From ASC games and Dreamforge Entertainment.
After a car crash, you wake with no memory of who you are or where you are. You quickly realise that you are in an insane asylum, but why? And how can you get out of the tower before the generator explodes?
Sanitarium is a surreal journey through the forces of the mind. It features a number of different locations, some really bizarre situations and some interestingly different puzzles to solve. The graphics of the game are detailed, the cinematics are quite lovely. The voices behind the characters are very well done, as is the music. The story behind the accident you will discover as Sanitarium progresses which adds immensely to the game. There are some quirks in the navigation and a few action sequences that may not appeal to everyone.
The esc key brings up the main menu (save, load, new game, quit, etc.), the left mouse button allows you to interact with things on screen and the right mouse button is for movement. This makes for a pretty simple interface, but there are a few things to watch for.
The first time you left-click an item, you get the description. If it is something you can interact with, this is the only time you will get the description. From then on, you'll have to opportunity to pick up/manipulate/talk to that object, but you won't be able to listen a second time to the description.
Sometimes to enter a room you'll need to have the character placed just so in front of it. It can be easy to miss a room because of this. When you are correctly placed, you'll get the 'dissolve' feature where the interior of the room is revealed.
Much like the above, there are times when you have to have the character faced in a certain direction or close enough to an object before he'll interact with it. Sometimes, you'll just not quite be in the right place to do what it is that needs to be done.
The game is split into 9 chapters. As you solve puzzles, you will be rewarded with cinematics because your character will remember more of his life before the accident. The game is set up so that your character has a limited inventory at all times, and he'll have dropped everything between the chapters (for reasons that become obvious when you play the game). This does mean that everything you need to solve the puzzle is somewhere in the current chapter. It also tends to mean that the puzzles are simpler in this game then in some.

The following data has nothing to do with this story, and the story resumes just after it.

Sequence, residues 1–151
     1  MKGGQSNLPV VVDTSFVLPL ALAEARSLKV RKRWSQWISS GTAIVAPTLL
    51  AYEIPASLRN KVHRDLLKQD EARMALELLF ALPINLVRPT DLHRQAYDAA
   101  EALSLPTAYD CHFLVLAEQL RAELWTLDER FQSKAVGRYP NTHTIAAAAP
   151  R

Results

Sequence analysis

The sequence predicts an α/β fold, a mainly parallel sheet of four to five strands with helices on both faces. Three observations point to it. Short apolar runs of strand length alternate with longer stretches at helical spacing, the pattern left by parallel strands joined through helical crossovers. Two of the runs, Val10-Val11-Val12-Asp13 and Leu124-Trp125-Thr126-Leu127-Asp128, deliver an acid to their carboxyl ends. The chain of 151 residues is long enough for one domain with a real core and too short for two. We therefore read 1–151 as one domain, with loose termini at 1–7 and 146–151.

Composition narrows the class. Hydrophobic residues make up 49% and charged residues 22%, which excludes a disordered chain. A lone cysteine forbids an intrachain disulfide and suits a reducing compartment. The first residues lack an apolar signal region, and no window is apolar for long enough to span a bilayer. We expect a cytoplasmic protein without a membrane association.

So if you are temporarily stuck, check that you have found all rooms, double check if any of your inventory items can be used yet, and check that you have talked to everyone about all the topics you can.
Nothing major, just the quirks of the navigation. There are times when it is difficult to enter or exit a room because your character has to be in the right place and facing the correct direction. I found it disconcerting that you didn't so much 'enter' a room as have the roof/walls fade away. That particular feature of the game is one of the most difficult to adapt to.
Critical timing sequences are bad news. Mazes are bad news. A maze that requires correct timing is very very bad news. But this is mitigated by the fact that there is a trick that makes the maze much much simpler. If you are getting frustrated, there is another way!.
There was only one puzzle I had to cheat on. It's hard enough to do matching tones when the tones are exactly the same. When they change pitch by at least half an octave, this is downright unfair to the unmusical amongst us.
Because the game is broken into 9 chapters, each of which is a separate entity, the puzzles are relatively easy. They are also quite fair; complex puzzles have hints nearby, simpler ones give you some sort of feedback that let's you know when you have solved another step. You shouldn't get stuck too long on any part of the game. It has a few action sequences, but you get to try again if you fail. There is also the advantage of any part of it you have solved (or monsters killed) will stay that way.
Probably too intense for younger children, parts of it are not suitable if you are squeamish. The game is highly recommended for beginning adventure game players. Experienced adventurers may find this a pleasant break from a more difficult game.
ASC Games had a walkthrough of the game on their site. Most unusual for a company to maintain such a beast. I found it useful twice. The first time because I had failed to notice some buttons on a machine and all I needed was the diagram of machine buttons. The second time was for the solution of the musical puzzle, where the diagram and instructions were both useful.